IT IS WIDELY accepted that rheumatic fever is a disease of the heart, blood vessels and joints. The exact cause is not known, but the theory of allergy is attractive and supported by clinical, anatomic, bacteriologic and immunologic observations. A great deal of experimental work has been done in the study of anaphylactic hypersensitive reactions in animals. The early work will be found described in the papers of Klinge,1 Vaubel,2 Knepper and Waaler,3 and Knepper.4 In 1943 Rich and Gregory5 also demonstrated that lesions having basic characteristics of periarteritis nodosa could be produced in rabbits by the intravenous injection of sterile normal horse serum. Additional observations by these workers6 revealed that anaphylactic hypersensitive reactions produced cardiac lesions which were morphologically similar to those of rheumatic carditis. Since Rich and Gregory pointed out this similarity, several papers7 have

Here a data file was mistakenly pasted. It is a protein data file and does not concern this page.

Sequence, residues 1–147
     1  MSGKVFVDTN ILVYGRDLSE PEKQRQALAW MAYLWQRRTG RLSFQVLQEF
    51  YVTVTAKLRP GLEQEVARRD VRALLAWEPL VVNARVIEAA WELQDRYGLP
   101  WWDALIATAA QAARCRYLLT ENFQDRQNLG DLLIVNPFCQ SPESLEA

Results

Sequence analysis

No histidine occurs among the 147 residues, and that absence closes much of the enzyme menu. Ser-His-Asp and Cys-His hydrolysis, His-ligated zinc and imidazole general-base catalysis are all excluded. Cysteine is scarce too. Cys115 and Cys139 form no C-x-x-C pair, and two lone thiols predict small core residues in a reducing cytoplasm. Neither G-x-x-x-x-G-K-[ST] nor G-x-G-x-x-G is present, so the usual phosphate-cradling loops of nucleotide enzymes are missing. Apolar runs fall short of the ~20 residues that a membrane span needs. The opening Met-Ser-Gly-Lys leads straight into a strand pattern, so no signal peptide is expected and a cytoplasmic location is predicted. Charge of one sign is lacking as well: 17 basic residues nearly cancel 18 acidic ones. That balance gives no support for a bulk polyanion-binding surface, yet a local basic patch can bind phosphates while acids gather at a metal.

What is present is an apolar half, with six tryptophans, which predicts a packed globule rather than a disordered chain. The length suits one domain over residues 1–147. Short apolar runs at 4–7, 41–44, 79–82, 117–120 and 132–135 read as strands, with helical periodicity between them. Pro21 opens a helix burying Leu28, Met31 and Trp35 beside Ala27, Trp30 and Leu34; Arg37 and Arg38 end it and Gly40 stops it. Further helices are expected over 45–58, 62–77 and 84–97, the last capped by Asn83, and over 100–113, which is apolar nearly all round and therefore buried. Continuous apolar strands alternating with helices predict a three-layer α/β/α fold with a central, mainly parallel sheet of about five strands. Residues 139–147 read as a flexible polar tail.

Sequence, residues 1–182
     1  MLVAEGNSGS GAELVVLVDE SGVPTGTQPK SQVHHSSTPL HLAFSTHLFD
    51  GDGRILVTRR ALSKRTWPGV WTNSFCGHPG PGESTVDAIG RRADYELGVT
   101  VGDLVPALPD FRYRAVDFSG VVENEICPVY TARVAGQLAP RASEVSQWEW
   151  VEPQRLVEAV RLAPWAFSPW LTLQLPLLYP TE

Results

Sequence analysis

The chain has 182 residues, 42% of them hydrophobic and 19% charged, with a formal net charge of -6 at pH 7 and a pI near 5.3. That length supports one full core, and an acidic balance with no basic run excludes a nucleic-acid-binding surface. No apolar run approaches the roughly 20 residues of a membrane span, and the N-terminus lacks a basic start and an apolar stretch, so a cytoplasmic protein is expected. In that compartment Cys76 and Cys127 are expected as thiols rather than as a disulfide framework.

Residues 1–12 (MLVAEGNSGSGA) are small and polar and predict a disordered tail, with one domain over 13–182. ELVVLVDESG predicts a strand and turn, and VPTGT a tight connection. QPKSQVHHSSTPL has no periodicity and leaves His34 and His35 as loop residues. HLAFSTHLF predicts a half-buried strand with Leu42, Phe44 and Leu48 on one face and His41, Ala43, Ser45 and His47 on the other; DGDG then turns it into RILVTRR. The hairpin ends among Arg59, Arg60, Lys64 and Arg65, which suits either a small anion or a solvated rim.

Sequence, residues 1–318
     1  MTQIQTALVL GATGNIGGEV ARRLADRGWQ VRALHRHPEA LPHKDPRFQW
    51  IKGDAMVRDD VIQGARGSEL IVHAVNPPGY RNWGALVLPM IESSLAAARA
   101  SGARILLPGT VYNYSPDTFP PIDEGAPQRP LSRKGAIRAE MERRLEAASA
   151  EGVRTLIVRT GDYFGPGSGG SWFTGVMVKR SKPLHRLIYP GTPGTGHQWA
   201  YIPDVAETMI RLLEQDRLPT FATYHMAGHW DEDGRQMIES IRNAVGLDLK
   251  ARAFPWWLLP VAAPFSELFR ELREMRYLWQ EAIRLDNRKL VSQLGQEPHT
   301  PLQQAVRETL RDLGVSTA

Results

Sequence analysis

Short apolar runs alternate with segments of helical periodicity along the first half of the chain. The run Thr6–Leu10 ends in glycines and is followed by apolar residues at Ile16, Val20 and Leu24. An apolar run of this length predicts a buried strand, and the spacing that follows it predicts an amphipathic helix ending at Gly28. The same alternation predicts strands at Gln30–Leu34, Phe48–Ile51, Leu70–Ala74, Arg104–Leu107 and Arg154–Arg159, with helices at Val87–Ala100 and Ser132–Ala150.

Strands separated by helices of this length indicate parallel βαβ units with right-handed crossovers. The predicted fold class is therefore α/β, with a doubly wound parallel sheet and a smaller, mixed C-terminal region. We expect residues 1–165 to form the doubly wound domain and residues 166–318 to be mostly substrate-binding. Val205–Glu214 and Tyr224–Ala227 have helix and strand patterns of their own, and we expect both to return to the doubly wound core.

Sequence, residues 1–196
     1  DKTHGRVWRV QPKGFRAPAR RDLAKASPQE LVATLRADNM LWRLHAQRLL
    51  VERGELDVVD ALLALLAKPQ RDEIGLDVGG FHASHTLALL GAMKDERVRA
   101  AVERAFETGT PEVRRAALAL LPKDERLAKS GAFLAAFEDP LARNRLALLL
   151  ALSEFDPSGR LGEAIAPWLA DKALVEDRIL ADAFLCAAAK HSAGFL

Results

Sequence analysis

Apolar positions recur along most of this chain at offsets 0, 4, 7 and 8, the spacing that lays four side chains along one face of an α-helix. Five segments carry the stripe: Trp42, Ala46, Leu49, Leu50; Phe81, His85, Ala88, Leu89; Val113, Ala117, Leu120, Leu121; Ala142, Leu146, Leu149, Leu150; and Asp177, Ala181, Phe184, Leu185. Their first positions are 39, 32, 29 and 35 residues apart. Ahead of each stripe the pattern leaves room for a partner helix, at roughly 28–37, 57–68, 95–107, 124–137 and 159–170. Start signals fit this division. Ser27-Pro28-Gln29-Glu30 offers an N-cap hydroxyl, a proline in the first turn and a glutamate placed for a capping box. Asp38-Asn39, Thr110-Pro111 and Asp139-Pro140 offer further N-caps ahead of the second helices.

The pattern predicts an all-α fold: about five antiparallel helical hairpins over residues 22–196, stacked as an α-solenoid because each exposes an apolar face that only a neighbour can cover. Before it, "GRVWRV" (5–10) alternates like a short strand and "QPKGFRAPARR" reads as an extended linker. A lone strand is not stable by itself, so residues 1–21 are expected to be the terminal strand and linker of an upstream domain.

ROBERTS RC, CROCKETT KA, LAIPPLY TC. EFFECTS OF SALICYLATES AND BENADRYL ON EXPERIMENTAL ANAPHYLACTIC HYPERSENSITIVE VASCULAR AND CARDIAC LESIONS. Arch Intern Med (Chic). 1949;83(1):48–66. doi:10.1001/archinte.1949.00220300056003
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